Apply an Image element or a Group-wrapped BitmapImage to a Graphic as the mask source and set the desired maskType property value. Depending on the maskType property value, optionally set the luminosityClip and luminosityInvert properties of the Graphic element as well.

Discussion

The mask property of Graphic, which is inherited from its extension of Group, is typed as a DisplayObject instance. You cannot, therefore, directly apply a GraphicElement-based element (such as Rect or BitmapImage) as a mask for a GroupBase-based element. You can, however, wrap graphic elements in a Group object and apply them as a mask. Likewise, any DisplayObject-based element, including the visual elements from the MX set, can be applied as a mask source for a Graphic element.

By default, masking of content within a GroupBase-based element is performed using clipping. With the maskType property value set to clip, the content is rendered based on the area of the mask source. Along with clip, there are two other valid values for the maskType property of a GroupBase-based element when applying a mask: alpha and luminosity. When you assign an alpha mask type, the alpha values of the mask source are used to determine the alpha and color values of the masked content. Assigning a luminosity mask is similar in that the content’s and mask source’s alpha values are used to render the masked pixels, as well as their RGB values.

The following example applies all three valid maskType property values to a Graphic element that is masked using an image containing some alpha transparency:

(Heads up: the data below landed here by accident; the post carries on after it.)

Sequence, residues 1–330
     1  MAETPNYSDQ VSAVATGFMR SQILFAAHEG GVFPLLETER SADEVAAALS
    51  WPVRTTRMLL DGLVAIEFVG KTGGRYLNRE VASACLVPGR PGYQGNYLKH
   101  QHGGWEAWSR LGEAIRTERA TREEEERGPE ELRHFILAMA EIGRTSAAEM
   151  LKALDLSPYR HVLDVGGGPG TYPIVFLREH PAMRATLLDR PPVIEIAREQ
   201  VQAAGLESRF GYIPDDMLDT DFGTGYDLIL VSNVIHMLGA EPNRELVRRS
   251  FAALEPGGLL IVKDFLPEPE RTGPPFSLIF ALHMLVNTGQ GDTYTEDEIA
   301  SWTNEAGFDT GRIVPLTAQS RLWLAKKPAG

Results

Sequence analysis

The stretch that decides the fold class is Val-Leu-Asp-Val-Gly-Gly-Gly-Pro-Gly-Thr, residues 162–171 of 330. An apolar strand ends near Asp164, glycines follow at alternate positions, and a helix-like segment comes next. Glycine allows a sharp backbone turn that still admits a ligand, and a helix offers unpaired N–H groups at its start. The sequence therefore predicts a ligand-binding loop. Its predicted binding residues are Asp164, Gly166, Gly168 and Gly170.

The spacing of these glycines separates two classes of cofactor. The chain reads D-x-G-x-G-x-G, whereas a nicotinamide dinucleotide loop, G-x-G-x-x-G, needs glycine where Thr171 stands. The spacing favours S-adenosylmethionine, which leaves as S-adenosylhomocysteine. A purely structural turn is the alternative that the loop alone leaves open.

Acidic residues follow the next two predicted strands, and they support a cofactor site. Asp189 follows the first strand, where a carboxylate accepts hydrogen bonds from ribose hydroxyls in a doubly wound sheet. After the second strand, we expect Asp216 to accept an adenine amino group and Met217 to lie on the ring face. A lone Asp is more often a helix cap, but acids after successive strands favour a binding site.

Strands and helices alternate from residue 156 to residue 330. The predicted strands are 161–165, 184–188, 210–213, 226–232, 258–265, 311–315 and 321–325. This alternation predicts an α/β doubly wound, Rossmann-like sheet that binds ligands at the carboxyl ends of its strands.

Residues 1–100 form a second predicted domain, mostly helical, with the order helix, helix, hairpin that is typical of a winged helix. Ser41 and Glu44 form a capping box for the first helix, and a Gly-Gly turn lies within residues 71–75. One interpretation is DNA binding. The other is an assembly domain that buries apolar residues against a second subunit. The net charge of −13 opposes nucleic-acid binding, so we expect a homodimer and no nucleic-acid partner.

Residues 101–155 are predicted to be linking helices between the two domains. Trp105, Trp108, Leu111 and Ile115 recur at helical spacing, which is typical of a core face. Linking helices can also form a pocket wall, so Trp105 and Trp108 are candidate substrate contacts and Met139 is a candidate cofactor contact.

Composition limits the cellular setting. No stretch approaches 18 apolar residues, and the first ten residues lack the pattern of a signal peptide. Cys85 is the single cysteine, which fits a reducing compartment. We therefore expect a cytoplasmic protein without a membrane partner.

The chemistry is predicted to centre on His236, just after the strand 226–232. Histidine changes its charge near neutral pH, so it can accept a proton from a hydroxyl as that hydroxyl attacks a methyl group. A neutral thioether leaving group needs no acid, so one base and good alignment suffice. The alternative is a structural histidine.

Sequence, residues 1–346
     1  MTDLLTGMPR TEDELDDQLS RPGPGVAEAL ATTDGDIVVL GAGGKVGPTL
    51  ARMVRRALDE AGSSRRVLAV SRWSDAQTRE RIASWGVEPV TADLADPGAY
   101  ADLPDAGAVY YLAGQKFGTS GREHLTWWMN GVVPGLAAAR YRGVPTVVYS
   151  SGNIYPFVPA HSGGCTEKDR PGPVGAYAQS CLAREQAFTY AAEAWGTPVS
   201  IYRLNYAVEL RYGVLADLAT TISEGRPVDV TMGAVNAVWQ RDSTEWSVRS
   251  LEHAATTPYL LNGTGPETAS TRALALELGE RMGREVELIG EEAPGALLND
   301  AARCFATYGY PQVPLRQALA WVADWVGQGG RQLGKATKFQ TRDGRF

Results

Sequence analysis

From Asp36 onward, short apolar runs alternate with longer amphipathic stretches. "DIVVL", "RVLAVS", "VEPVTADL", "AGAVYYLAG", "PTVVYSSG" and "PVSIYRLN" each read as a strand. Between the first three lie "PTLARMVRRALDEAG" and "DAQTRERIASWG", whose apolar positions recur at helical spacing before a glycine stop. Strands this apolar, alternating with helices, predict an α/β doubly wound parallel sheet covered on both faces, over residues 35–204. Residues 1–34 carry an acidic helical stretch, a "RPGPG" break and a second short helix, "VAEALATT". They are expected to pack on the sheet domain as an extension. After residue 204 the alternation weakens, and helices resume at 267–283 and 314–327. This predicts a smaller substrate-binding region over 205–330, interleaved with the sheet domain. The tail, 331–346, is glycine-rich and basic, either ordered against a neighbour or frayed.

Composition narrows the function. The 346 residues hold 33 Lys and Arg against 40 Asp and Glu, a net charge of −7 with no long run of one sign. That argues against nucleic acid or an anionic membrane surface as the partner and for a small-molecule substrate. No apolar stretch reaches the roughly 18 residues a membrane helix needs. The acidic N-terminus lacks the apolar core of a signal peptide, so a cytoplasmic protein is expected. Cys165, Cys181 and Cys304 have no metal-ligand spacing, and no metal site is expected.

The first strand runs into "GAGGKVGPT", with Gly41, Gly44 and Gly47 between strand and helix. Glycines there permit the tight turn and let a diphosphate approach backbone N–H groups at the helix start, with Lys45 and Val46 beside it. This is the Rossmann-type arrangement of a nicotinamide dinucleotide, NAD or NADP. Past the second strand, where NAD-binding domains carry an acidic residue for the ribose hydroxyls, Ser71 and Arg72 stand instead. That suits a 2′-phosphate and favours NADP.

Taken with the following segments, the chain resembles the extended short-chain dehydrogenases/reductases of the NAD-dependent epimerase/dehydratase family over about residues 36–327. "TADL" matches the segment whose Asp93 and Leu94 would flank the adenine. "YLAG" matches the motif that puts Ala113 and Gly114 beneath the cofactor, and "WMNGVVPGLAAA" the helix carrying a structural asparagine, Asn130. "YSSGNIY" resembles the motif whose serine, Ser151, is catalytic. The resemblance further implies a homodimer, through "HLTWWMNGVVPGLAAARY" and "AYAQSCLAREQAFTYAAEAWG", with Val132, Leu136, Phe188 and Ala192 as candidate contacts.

<s:Application xmlns:fx="http://ns.adobe.com/mxml/2009"
               xmlns:s="library://ns.adobe.com/flex/spark"
               xmlns:mx="library://ns.adobe.com/flex/mx"
               creationComplete="handleCreationComplete();">

    <fx:Script>
        <![CDATA[
            import mx.collections.ArrayCollection;
            import spark.core.MaskType;

            [Bindable] public var masks:ArrayCollection;
            private function handleCreationComplete():void
            {
                masks = new ArrayCollection( [ MaskType.CLIP,
                                               MaskType.ALPHA,
                                               MaskType.LUMINOSITY ] );
                maskList.selectedIndex = 0;
            }
        ]]>
    </fx:Script>

    <s:layout>
        <s:VerticalLayout />
    </s:layout>

    <s:DropDownList id="maskList" dataProvider="{masks}" />

    <s:Graphic id="group" maskType="{maskList.selectedItem}">
        <s:Rect width="320" height="320">
            <s:fill>
                <s:LinearGradient>
                    <s:entries>
                        <s:GradientEntry color="#000000" />
                        <s:GradientEntry color="#DDDDDD" />
                    </s:entries>
                </s:LinearGradient>